It’s no exaggeration to say that only Taika Waiti could have made this film. This is a film that is simultaneously hilarious, heartbreaking and scathing. Not to mention audacious. To have a film set during World War Two, about a member of Hitler Youth (Jojo, played by Roman Griffin Davis) is one thing. To have Waiti himself playing Jojo’s imaginary best friend, Adolf Hitler, is another level. To have what occurs in this film, and how it all goes down – that’s another ball game entirely.
The film follows 10 year old Jojo, a junior Nazi so committed to the ideology he is being described as a ‘fanatic’. His world is shaken when he discovers that his mother (Scarlett Johansson) has been hiding Elsa, a young Jewish girl (Thomasin McKenzie) in their attic. It doesn’t necessarily work as well as Hunt For The Wilderpeople or What We Do In The Shadows. It crosses the boundary into bad taste that bit too often and has tonal shifts that are whiplash induces in their suddenness. However, when it comes together it is truly joyous. Describing these moments in any detail would spoil the delight of watching them occur, but trust me when I say that there’s some sweetness to counter the radical lunacy.
Whilst some of this is courtesy of the story and dialogue – ‘backward mind-power trick’ being my personal favourite throwaway line – it’s the performances that make this film. Continuing the tradition of Ricky Baker (Julian Dennison) in Hunt…, this an ensemble cast of fantastic actors centred on an extraordinarily accomplished performance by a child actor. Or actors in this case. Griffin Davis does a superb job as the lonely and idealistic Jojo.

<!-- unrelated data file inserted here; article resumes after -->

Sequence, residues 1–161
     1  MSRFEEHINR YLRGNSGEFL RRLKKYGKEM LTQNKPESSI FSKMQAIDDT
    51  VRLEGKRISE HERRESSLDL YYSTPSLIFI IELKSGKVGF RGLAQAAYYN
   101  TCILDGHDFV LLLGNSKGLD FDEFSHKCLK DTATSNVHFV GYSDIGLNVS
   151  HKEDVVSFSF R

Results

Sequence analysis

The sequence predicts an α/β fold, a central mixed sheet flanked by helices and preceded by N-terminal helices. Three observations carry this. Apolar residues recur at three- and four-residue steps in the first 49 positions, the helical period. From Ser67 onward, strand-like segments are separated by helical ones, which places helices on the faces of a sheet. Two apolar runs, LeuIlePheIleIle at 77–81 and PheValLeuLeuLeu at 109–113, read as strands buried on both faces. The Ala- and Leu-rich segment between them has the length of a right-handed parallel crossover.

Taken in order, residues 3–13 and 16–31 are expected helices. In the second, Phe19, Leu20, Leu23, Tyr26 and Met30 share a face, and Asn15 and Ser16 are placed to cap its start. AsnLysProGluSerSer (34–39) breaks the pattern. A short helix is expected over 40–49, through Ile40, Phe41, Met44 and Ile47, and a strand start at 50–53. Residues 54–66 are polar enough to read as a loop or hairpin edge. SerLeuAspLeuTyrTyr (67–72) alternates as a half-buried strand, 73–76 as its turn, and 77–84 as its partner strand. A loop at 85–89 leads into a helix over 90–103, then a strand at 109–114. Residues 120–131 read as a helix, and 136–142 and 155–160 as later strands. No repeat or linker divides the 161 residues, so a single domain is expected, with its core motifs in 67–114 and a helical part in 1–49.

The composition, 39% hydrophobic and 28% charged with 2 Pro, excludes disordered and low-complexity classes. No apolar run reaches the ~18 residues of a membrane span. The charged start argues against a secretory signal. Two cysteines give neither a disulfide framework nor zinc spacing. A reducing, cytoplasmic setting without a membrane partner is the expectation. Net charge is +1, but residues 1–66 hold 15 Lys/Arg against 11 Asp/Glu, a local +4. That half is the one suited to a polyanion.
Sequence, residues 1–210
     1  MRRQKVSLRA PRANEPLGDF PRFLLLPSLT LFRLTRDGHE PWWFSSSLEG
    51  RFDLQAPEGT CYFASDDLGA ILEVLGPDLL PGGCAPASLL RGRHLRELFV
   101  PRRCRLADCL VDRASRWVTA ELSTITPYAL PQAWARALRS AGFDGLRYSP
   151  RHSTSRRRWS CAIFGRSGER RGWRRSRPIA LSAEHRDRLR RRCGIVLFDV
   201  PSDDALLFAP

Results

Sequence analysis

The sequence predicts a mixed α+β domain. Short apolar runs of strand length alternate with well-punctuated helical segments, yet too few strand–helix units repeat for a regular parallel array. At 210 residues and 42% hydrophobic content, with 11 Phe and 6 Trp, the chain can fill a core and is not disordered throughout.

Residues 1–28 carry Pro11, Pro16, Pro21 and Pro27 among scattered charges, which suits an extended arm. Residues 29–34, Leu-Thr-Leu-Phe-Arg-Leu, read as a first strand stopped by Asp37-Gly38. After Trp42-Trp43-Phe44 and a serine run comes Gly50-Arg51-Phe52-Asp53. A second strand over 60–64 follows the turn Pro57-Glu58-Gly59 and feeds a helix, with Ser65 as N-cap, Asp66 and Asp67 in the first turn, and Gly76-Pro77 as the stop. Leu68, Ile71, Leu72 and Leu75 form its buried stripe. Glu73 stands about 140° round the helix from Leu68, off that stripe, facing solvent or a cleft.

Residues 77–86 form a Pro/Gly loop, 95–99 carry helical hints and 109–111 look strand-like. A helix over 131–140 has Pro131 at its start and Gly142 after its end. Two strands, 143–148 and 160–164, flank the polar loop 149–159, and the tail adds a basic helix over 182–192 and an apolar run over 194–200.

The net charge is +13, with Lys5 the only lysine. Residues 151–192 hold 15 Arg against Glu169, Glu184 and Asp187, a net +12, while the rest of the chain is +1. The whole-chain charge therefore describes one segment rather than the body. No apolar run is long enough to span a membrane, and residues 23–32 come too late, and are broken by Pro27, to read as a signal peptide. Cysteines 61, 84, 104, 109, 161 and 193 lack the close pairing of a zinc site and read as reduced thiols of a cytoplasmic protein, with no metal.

McKenzie, who stunned in the criminally under-seen Leave No Trace, is a captivating counter to Jojo. Forced to become older than her years, living every moment in absolute fear, she remains fierce and resolute. Or at least that’s how she seems to Jojo. Along for the ride is an excellent Johansson as Jojo’s loving mother, who brings depth to the quirk of her character. There’s also Sam Rockwell, providing us with another ‘racist with a heart of hold’ whilst utilising the oddball mentor he showcased so brilliantly in The Way, Way Back. An honorary mention should also go to Alfie Allen – who does a lot with the little he has to do. In fact he steals every scene he’s in as hype man to Rockwell’s Nazi Captain.
It would be remiss to not mention how great Waititi himself is as Hitler. As with the film itself, no-one could do it as he does it. His Hitler is simultaneously incompetent and scheming, encouraging yet dominating, kind yet scary. Rather apt when considering present day political figures. And that’s what lets the film work, even when it doesn’t fully. Whilst set over 70 years ago, this anti-hate satire feels scarily relevant. The serious side of things is more than present and correct, but served with the lunacy and irreverence we come to expect from Waititi. The two things never counteract, but instead compliment each other, serving a rallying cry against small-mindedness and self-mindedness and shallow-mindedness.
Waititi yet again finds the heart in amongst the darkness, the sweet within the bitter: reminding us of the need to listen, pay attention and look out for each other. All within a coming of age story that is really like no other.
Jojo Rabbit is in UK cinemas from 3rd January 2020.